A Tale Of Two Cities

Essay by kurdishqueenHigh School, 10th gradeA+, August 2014

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Helan Amedi 3/24/14 5th pd. In Charles Dickens' novel A Tale of Two Cities, many of the characters make choices and decisions that change the initial impression of the reader. One of these characters is Sydney Carton. When first introduced, Sydney is seen as self-loathing and depressing, but as the story goes on the readers begin to see him in a different light. Instead of being just a throw-away character, Sydney actually does something with his life through the decisions he makes. The first time the audience meets Sydney Carton is at Charles Darnay's very first trial in England. He's seen as a messy drunk. In fact, even at the trial Sydney is so drunk that he doesn't even bother caring for his physical appearance. "This one man sat leaning back, with his torn gown half off him, his untidy wig put on" (Dickens 57). His eyes were glazed over during the whole trial and were "staring at the ceiling as they had been all day" (Dickens 57) because he was too drunk to even keep his them on what was actually going on.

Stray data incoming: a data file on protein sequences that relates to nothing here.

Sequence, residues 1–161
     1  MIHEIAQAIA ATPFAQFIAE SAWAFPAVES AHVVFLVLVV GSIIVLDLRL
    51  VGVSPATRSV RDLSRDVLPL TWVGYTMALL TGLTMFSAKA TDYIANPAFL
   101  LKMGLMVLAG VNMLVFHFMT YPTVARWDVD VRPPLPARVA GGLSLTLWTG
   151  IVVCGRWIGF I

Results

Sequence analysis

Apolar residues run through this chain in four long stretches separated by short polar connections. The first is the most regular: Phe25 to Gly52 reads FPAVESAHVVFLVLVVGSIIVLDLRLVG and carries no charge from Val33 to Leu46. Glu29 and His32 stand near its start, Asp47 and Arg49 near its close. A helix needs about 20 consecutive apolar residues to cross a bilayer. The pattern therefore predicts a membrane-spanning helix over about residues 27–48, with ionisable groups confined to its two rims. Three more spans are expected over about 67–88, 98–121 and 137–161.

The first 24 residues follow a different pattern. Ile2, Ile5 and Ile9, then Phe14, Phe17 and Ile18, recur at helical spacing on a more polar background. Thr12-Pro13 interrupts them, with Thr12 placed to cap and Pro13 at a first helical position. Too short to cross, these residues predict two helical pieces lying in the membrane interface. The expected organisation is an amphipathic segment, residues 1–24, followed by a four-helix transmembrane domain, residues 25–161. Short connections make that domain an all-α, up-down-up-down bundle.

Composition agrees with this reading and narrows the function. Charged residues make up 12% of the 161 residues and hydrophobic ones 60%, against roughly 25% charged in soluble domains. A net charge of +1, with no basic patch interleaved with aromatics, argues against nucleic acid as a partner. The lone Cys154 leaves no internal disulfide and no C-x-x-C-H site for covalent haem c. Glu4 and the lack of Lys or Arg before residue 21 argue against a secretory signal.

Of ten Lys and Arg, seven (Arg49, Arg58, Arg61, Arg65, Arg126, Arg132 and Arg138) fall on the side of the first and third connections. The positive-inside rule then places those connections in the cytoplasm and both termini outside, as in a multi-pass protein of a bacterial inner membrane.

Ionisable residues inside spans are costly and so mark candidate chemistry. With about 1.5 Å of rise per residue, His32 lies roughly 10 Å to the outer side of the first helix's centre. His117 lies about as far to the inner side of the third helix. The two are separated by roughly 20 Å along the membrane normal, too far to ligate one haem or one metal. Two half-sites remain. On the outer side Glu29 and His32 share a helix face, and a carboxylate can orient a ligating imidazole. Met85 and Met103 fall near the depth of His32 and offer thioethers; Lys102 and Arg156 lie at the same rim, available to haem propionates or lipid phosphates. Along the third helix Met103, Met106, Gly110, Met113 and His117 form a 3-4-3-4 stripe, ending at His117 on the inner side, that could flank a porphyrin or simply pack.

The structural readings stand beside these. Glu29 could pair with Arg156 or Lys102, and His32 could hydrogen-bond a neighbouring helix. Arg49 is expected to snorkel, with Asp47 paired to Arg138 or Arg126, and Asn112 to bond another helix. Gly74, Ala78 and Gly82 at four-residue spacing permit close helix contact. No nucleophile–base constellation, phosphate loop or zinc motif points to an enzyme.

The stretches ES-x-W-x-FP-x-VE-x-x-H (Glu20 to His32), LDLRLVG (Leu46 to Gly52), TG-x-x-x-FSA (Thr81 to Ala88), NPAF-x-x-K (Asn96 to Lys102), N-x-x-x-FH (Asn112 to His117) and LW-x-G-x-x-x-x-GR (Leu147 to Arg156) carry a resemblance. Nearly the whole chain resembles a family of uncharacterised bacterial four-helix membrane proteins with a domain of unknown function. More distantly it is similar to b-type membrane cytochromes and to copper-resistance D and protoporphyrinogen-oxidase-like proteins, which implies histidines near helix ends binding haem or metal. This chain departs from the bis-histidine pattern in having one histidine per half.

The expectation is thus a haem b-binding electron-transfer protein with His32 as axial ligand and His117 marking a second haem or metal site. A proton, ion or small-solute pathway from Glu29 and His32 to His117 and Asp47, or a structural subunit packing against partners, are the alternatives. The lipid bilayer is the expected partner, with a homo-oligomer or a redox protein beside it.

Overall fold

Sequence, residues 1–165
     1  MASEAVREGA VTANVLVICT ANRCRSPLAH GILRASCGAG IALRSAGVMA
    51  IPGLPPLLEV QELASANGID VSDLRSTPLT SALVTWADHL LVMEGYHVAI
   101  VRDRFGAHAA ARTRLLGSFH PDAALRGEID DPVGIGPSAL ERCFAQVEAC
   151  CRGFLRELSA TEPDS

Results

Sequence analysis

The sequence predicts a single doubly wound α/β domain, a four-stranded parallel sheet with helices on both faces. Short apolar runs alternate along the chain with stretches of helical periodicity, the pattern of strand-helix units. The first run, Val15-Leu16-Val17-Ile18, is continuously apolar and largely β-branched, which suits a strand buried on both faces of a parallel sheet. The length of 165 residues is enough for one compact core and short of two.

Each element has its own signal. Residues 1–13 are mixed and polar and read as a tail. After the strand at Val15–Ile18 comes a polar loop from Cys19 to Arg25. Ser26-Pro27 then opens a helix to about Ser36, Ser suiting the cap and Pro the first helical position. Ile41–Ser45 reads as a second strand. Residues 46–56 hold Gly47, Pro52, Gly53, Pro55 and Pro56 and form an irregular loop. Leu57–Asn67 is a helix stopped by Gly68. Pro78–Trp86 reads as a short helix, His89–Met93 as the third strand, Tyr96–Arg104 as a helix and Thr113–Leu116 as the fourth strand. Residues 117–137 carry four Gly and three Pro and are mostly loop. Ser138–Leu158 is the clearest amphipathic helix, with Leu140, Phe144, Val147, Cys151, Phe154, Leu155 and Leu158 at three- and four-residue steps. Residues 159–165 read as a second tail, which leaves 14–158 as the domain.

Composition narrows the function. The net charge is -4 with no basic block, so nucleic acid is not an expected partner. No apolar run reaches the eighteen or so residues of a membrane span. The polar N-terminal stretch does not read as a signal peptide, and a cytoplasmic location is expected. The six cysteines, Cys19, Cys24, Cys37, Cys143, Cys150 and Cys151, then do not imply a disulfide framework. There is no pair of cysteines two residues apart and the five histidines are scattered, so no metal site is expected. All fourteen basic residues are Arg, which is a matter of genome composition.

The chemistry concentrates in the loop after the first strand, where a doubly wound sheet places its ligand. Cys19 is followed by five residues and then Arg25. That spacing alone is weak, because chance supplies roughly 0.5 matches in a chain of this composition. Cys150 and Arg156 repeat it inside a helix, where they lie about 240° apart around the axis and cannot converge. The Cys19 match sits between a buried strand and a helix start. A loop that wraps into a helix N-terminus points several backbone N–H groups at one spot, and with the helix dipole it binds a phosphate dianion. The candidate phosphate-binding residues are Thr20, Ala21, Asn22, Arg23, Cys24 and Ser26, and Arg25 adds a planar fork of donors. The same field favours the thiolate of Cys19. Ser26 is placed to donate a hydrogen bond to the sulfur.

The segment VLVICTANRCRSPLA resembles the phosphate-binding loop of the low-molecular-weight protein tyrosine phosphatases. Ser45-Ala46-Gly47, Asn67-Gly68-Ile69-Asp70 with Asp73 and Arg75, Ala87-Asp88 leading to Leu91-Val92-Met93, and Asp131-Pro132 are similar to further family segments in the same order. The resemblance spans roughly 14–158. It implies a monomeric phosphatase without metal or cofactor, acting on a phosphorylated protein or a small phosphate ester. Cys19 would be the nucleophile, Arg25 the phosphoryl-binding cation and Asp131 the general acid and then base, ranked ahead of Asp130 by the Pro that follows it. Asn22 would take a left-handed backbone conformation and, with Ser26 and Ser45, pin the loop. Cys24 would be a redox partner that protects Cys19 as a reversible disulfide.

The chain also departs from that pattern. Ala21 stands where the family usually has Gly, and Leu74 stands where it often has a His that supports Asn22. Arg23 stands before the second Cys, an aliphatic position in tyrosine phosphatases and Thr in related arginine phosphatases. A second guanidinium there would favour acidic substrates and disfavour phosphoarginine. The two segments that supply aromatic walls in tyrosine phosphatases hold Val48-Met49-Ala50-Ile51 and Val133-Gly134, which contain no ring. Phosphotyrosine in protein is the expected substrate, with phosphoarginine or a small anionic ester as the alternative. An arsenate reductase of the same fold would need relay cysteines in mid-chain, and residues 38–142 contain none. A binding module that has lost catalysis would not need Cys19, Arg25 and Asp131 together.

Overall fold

The initial impression of the reader is that Mr. Carton is no more than a useless drunk that's not really much good for anything. He was also very mean while drunk as well, especially to Charles after the trial when Charles is thanking him for saving his life. Carton replies by saying he "doesn't know why he did it in the first place" (Dickens 63) and straight up tells Charles he doesn't like him. Of course during their talk, Sydney was drinking excessively yet again. When working late nights with Stryver, people often saw Sydney "in broad day, going home stealthily and unsteadily to his lodgings, like a dissipated cat" (Dickens 65). When first meeting...